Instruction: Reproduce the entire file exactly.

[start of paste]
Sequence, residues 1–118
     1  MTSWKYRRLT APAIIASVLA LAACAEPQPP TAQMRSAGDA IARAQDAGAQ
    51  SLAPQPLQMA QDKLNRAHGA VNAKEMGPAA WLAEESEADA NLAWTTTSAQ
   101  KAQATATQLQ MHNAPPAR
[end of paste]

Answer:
Sequence, residues 1–118
     1  MTSWKYRRLT APAIIASVLA LAACAEPQPP TAQMRSAGDA IARAQDAGAQ
    51  SLAPQPLQMA QDKLNRAHGA VNAKEMGPAA WLAEESEADA NLAWTTTSAQ
   101  KAQATATQLQ MHNAPPAR